After visiting the Grey Mare I continued north through the fields (but not as I should have done along the bridleway). After crossing the first field I was met by a large field in crop. I was able to walk part-way into the field along a track but there was no way through it without causing damage – something I wasn’t prepared to do. I re-traced my steps but could find no other way past the field of crop.
Due to time constraints I discounted the longer walk past Gorwell Farm as I needed a more direct route.
I decided to return to the car and attempt an approach from the north. We weaved our way through the maze of unsignposted lanes and followed the road as far as we could. Unfortunately about 1 mile before where the O/S map shows the road ends and the footpath starts the road turns into a very rough track – suitable only for 4x4s.
I simply didn’t have time for this extra walk as we had to get back for the children. I was very, very disappointed.
The next time I visit I will take the rout via Gorwell Farm. Although it may be longer than dickie's directions it involves the shortest distance ‘off road’. Given my poor orientation skills this probably gives me the best chance of success!
I would be happy to hear the advice of others who have visited as to which is the best route to take.
I guess you win some, you lose some………………… Still gutted though!
After the surprisingly wonderful ruined circle at Rempstone I have to say that I was slightly under-whelmed by Kingston Russell, not a feeling that I’m used to when encountering prehistoric sites. Did Burl have the same feeling too? Maybe that’s why it doesn’t appear in his book. It just didn’t seem to have the oomph factor and the views from this setting are kind of so-so rather than wow! (as at Hampton). I think possibly the flatness of it all as well, the anticipation built up by the spotting of two very large stones in the hedgerow (one next to the farm entrance where you can just about park and the other about half way between there and the circle) and the lack of a dramatic sky to set it off probably didn’t help either. The only thing that I thought might redeem it would be to go there at night with a clear sky, some time in the near future, and try some very long exposures. That should do it.
Maybe it's just the time of year but Kingston Russell seems much more visible on the approach from The Grey Mare & Her Colts than last time I was here, perhaps when the tree leaves , and hedges grow back and the grass is longer it would be as I remember it.
There was no sign of the sign here anymore either, a circle without the sign, even better!
Along with Hampton Down what I noticed most on this trip was the other ancient monuments all in view from each of these sites, their interconnectedness in the landscape. You might argue that this is because a lot of the monuments are on hills but the view between them only really opens up within the circles themselves.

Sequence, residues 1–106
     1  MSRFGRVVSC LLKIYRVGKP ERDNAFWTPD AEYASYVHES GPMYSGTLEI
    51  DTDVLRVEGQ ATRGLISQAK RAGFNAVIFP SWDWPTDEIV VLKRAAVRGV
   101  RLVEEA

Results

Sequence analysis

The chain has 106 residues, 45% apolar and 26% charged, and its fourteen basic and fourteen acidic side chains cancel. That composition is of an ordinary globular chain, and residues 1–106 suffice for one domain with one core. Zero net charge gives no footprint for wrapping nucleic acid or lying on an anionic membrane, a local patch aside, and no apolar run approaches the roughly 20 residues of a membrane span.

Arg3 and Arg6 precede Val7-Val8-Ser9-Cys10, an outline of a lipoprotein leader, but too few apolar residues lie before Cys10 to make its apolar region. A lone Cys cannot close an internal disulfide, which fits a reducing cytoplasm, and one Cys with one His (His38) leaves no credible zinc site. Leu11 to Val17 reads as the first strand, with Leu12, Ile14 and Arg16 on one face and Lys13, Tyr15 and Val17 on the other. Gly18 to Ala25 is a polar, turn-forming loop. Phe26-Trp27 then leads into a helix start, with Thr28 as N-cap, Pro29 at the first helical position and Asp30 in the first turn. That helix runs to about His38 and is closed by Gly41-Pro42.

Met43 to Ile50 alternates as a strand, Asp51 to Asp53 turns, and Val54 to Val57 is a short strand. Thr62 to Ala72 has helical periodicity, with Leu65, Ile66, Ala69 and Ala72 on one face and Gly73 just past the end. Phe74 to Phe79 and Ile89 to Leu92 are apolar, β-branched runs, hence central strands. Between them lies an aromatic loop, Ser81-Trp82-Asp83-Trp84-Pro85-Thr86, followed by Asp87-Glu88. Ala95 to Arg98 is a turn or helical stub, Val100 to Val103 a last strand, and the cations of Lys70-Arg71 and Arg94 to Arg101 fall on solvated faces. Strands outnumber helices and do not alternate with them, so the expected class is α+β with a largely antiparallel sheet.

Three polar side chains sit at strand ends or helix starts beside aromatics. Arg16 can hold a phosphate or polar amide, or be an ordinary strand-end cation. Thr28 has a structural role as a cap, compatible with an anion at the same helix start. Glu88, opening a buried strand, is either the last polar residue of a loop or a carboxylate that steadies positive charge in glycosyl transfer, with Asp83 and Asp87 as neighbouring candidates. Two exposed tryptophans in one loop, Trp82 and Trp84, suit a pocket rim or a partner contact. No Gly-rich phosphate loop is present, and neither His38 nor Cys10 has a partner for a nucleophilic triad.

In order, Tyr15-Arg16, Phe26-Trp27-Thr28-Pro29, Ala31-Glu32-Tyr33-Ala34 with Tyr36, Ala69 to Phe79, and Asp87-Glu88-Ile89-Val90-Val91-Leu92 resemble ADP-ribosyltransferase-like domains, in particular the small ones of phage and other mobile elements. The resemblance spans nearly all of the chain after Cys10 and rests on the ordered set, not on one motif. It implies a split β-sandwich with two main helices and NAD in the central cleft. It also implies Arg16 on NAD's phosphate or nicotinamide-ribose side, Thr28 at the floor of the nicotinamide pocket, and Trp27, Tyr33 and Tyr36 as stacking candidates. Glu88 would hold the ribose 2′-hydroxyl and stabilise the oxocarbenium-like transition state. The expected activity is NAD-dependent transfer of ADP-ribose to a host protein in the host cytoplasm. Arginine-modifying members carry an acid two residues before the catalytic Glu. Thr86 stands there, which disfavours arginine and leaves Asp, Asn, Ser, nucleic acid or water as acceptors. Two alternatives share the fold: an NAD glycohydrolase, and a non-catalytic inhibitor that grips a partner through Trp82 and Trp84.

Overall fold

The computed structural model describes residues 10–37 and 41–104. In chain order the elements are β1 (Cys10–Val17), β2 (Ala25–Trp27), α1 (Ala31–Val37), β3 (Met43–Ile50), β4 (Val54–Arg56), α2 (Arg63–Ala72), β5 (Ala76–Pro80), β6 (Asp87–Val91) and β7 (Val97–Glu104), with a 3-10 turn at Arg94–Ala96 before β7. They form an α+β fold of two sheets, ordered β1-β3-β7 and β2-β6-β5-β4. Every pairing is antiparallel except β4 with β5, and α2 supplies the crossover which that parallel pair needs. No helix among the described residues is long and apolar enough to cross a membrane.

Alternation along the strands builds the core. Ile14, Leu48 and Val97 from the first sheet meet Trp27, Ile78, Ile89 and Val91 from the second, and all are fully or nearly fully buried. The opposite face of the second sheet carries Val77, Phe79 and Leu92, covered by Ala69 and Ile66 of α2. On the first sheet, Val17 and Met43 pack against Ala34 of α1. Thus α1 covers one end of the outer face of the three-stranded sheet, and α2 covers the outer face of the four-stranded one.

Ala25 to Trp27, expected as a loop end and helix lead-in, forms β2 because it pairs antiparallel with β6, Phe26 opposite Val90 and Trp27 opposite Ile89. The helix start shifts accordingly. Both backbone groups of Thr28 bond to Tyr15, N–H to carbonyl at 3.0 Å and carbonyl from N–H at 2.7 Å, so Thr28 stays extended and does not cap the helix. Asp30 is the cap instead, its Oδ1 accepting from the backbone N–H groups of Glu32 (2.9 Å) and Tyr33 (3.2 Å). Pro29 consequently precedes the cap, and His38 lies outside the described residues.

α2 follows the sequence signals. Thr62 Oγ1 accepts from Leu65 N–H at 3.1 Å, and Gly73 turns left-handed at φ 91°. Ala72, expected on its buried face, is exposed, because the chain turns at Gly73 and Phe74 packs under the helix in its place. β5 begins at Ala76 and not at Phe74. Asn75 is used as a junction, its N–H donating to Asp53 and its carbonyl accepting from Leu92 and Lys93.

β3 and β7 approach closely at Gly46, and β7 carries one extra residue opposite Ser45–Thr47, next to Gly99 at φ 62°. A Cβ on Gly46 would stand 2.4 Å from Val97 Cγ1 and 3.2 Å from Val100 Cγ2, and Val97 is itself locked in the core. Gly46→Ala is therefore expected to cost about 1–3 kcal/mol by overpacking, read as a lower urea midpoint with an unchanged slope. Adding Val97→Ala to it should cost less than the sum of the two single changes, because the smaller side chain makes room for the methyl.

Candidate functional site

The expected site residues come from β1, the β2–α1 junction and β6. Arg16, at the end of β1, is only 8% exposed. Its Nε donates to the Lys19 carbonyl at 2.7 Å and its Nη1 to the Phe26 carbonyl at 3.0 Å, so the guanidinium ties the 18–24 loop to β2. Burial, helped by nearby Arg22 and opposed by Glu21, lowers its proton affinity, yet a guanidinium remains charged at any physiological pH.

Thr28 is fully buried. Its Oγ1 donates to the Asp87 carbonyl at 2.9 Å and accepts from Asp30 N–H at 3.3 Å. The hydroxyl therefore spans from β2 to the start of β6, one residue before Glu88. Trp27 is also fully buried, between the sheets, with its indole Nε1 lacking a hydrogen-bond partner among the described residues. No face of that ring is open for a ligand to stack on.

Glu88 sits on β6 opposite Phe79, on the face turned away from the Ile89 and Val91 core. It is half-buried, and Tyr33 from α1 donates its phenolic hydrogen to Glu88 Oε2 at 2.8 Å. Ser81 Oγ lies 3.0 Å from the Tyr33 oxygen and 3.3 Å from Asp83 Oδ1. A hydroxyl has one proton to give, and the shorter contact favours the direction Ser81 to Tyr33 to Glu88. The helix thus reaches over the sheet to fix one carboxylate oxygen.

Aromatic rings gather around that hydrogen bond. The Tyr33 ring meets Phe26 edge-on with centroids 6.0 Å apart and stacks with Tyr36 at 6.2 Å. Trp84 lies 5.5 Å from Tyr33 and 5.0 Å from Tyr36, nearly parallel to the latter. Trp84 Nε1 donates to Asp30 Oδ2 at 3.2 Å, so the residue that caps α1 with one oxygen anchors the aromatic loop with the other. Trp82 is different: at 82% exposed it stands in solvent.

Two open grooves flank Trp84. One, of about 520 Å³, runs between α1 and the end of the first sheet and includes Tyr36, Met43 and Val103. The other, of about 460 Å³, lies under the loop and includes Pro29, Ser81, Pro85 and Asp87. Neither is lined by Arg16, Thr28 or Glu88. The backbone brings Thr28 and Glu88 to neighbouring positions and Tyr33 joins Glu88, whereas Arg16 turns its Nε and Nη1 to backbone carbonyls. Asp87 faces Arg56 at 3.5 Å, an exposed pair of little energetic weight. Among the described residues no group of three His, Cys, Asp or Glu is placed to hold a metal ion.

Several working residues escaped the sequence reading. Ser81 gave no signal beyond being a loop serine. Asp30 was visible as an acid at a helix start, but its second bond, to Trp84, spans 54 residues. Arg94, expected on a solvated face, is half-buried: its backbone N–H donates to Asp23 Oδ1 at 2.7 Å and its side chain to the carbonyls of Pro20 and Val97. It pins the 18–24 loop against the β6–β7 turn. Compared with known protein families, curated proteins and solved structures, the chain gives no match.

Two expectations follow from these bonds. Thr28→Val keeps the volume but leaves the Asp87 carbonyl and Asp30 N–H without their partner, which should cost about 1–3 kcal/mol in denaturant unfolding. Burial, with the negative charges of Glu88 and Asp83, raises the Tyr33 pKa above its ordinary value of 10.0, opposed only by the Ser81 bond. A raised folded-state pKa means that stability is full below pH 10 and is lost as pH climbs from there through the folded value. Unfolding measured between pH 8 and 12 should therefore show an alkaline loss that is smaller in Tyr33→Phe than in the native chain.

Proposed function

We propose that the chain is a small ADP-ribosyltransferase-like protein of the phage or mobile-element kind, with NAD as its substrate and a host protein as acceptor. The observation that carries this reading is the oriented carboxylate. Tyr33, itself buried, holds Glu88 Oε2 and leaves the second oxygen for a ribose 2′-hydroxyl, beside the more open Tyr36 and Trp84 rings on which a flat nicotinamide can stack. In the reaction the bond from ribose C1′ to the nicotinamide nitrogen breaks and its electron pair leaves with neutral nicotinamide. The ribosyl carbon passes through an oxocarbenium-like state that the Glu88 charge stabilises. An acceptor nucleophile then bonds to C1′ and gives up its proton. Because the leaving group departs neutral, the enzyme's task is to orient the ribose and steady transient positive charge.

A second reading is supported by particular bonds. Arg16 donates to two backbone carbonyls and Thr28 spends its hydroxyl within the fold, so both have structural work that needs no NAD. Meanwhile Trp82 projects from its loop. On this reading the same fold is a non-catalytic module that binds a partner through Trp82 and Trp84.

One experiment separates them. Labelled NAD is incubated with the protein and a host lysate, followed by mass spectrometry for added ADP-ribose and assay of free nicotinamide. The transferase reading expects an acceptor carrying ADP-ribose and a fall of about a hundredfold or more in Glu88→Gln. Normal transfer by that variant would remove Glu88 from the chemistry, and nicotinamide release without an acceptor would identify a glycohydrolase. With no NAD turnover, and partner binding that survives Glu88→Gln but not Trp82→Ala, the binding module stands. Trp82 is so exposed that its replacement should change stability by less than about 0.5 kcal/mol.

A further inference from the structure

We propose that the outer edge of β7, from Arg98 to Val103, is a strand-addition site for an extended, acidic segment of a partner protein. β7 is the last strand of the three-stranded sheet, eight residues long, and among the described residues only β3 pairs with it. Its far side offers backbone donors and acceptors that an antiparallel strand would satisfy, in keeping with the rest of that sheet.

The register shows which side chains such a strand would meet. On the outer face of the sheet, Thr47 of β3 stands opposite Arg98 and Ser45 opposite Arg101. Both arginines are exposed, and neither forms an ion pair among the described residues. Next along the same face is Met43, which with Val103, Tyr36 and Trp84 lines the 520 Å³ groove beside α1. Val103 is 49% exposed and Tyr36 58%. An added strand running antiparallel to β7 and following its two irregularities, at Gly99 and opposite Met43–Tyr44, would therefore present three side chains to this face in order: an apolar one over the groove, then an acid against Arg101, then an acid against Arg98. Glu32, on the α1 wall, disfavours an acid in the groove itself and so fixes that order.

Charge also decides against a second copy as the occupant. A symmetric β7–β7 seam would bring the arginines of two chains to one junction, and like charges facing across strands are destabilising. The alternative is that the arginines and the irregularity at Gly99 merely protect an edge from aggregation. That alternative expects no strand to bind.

From standing in the center of Kingston Russell I have a view all the way across to Abbotsbury, Golden Cap, Seatown and Lyme Regis.
Just two fields away from The Grey Mare lies Kingston Russell stone circle. The world's leading authority on stone circles, Aubrey Burl, didn't put this circle in his definitive field guide to British stone circles which has caused much puzzlement in the amateur antiquarian community over the years. I wanted to see the stones for myself, especially as Moth said he liked it so much.
Sadly not one of the stones stand any more, but there are lots of stones to see, perhaps 18 of them, some really quite big lying on the ground next to the place where they once stood. The circle's diameter is about 15ms (I'm quite bad at guessing these things). This would have been a real beauty. And actually, it still is. The internal space is still clearly marked out and although the drama and life was destroyed by whoever pulled the stones down, the circle is not yet dead. I liked it a lot. The farmer had just been and mowed carefully round the circle and the place smelled fabulous.
Re-erect them stones!
This post appears as part of the weblog entry Dorset dash
Access getting on for a couple of miles walking I guess. Visit Grey Mare and her Colts on the way. Fairly flat and good going along a bridlepath. Could get fairly muddy. OS map helpful.
We parked at a junction between lane, farm track and bridlepath at SY499868. Dickie gives good directions here. (The barrow he refers to is of course, the Grey Mare and her Colts.)
Thursday 18 September 2003
We weren't expecting much. After all, it's not even in Burl...!
WRONG!!!!! Having since read the reports on this website, I know we're not alone, but we thought this is an unsung marvel. I'd not researched it, just spotted it on the Landranger earlier in the day while doing a bit of 'on the hoof' planning....
So OK, all the stones are down, but they're BIG, there're loads of them and they form (get this) a BIG CIRCLE!!!! Looked like the views would be superb on a clear day too!!!!
Where we got lucky was that the field was well stocked with (stop reading Ocifant!) stubborn but placid, big but hungry cows. And the reason this was lucky is that they had obviously been grazing here for quite a while and the circle was not overgrown AT ALL, making viewing it much easier!